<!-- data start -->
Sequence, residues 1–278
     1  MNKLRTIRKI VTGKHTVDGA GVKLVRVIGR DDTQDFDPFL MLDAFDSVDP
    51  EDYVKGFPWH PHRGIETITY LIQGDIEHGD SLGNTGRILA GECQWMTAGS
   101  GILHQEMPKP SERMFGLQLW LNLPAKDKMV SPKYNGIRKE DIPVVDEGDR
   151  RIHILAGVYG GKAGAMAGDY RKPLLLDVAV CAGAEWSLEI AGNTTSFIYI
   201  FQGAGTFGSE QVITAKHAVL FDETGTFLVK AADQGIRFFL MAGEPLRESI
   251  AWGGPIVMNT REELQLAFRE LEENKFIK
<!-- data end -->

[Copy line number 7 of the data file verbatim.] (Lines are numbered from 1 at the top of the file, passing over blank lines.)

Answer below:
   251  AWGGPIVMNT REELQLAFRE LEENKFIK